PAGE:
Michael J. Fox knows his decades-long battle with Parkinson’s has taken a toll on his life. That won’t stop the “Family Ties” star from calling himself a “tough son of a b—.”
More than 30 years after he was diagnosed with Parkinson’s, Fox, 62, said this week that he has a “very complicated” view of the disease, which is characterized by uncontrollable tremors.
“I’ve said Parkinson’s is a gift,” he told Town & Country in an interview published Thursday. “It’s the gift that keeps on taking, but it has changed my life in so many positive ways.”
Fox, who went public with his diagnosis in 1998, discussed the fundraising strategy of the Michael J. Fox Foundation for Parkinson’s Research, co-founded with Chief Executive Deborah Brooks. After deciding against being a spokesperson for other Parkinson’s foundations, Fox said he wanted to put his efforts toward giving “money at the right people,” including scientists who might find a cure to the disease.
“The goal is to go out of business,” Fox said.
In 2020, the actor’s foundation funded $233 million in grants, after bringing in nearly $200 million in private donations, according to the magazine. As a result of its efforts, a foundation-backed study published its findings in April that Parkinson’s can be detected by a biomarker protein.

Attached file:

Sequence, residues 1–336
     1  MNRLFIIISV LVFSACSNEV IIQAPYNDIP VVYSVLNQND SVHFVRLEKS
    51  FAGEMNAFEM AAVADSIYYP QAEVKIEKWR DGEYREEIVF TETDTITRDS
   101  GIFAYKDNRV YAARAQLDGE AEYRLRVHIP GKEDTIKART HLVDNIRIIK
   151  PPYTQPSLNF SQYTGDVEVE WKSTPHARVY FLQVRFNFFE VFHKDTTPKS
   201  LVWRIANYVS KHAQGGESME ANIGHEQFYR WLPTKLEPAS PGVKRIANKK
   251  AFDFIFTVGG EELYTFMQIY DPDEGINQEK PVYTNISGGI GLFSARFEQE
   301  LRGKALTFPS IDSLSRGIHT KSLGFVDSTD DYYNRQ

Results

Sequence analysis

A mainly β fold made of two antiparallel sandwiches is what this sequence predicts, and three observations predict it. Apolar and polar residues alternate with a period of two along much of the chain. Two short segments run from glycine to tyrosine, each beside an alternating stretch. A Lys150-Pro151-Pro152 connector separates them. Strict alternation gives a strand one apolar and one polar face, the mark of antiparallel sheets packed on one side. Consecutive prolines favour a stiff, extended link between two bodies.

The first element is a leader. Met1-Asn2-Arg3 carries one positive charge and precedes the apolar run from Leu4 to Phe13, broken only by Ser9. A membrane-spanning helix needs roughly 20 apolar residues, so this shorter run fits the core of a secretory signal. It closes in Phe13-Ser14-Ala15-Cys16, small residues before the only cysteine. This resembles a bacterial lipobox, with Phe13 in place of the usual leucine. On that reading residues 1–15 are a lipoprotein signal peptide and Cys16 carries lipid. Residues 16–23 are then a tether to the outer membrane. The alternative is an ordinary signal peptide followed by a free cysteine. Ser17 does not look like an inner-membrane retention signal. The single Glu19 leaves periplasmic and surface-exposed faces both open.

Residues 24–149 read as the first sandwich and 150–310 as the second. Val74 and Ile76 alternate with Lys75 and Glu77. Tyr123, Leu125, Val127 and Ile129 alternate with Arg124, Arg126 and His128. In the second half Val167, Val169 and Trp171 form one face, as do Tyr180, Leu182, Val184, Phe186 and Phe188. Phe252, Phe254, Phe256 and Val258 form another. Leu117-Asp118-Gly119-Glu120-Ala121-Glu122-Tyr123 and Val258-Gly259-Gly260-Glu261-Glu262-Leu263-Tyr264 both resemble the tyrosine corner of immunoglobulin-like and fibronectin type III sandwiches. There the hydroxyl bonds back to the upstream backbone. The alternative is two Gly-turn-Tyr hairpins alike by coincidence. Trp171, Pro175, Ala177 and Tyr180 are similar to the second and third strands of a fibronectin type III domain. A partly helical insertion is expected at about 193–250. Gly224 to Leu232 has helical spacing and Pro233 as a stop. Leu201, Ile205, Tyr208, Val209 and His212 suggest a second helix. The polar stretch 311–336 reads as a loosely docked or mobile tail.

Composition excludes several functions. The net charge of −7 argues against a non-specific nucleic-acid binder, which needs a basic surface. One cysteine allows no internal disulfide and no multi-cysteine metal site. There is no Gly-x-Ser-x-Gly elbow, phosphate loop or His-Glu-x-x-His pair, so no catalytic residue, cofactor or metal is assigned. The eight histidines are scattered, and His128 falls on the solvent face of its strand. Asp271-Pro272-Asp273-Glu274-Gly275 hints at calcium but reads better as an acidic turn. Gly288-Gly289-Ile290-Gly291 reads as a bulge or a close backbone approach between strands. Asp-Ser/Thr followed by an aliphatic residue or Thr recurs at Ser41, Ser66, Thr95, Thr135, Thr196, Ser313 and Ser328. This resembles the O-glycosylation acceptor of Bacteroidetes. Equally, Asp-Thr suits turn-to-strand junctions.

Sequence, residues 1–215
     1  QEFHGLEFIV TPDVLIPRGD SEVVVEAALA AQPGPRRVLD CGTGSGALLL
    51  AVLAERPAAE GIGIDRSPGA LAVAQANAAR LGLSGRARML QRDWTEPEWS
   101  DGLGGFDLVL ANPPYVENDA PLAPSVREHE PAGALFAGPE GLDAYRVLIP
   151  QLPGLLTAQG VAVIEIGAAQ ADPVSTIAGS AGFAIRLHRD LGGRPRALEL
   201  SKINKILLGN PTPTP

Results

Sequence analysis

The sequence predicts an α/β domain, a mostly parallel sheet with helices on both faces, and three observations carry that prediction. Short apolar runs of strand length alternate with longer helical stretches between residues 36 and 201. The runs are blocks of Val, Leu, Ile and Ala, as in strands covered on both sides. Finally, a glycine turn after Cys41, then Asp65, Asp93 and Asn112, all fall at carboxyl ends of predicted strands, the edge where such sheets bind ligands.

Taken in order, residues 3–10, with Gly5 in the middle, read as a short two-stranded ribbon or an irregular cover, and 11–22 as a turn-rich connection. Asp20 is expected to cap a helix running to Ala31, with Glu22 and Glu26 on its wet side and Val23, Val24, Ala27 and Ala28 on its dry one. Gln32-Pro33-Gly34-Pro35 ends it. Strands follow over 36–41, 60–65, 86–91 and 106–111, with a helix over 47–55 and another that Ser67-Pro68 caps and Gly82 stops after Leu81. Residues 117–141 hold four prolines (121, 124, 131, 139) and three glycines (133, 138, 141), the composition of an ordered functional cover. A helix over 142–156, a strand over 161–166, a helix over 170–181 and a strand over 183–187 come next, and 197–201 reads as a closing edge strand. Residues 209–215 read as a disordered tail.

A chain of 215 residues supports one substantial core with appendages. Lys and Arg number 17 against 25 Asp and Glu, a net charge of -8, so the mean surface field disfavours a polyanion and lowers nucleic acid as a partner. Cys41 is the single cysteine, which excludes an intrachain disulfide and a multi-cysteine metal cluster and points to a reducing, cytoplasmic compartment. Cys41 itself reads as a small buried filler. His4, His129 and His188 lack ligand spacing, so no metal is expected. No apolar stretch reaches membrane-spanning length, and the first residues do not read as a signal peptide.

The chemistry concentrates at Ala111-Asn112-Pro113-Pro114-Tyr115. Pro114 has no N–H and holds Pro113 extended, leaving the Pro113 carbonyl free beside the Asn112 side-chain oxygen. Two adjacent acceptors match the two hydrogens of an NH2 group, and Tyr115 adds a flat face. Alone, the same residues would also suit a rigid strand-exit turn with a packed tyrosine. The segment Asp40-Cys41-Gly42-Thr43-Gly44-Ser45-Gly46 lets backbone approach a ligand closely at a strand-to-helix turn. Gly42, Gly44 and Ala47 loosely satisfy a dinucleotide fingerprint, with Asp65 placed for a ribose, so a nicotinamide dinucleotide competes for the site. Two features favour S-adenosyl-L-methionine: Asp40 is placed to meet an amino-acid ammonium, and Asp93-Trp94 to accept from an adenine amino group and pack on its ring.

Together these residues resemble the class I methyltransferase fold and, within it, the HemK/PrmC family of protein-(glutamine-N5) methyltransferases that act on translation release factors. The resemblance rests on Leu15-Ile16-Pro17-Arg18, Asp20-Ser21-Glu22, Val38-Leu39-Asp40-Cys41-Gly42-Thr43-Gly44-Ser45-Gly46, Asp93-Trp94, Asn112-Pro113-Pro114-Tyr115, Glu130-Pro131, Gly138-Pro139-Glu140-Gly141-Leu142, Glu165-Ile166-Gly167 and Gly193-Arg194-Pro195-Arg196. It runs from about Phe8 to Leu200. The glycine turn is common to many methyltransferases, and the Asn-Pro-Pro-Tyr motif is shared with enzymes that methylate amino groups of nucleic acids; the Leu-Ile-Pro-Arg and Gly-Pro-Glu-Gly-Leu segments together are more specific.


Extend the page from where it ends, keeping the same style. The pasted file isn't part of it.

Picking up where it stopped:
Fox said the research supported by his foundation “opens the gates for pharmaceutical companies to come in and say, ‘We’ve got a target and we’re going to dump money into it.’”
The “Good Wife” actor’s battle with Parkinson’s also put his family life in the spotlight. Fox is married to actor Tracy Pollan and they have four children. Fox and his family were featured in Davis Guggenheim’s 2023 documentary “Still: A Michael J. Fox Movie.”
The Emmy-winning actor, who has previously mused on his mortality, said he fears “anything that would put my family in jeopardy.” He described to Town & Country his grim nightmares about falling onto his family members while out in public near a busy street.
In April, Fox told “CBS News Sunday Morning” that he doesn’t see himself living to be 80 and noted that “you don’t die from Parkinson’s — you die with Parkinson’s.” In the Town & Country interview, the actor said, “one day I’ll run out of gas” and that he will “allow myself that.”
He added: “If I were to pass away tomorrow, it would be premature, but it wouldn’t be unheard of. And so, no, I don’t fear that.”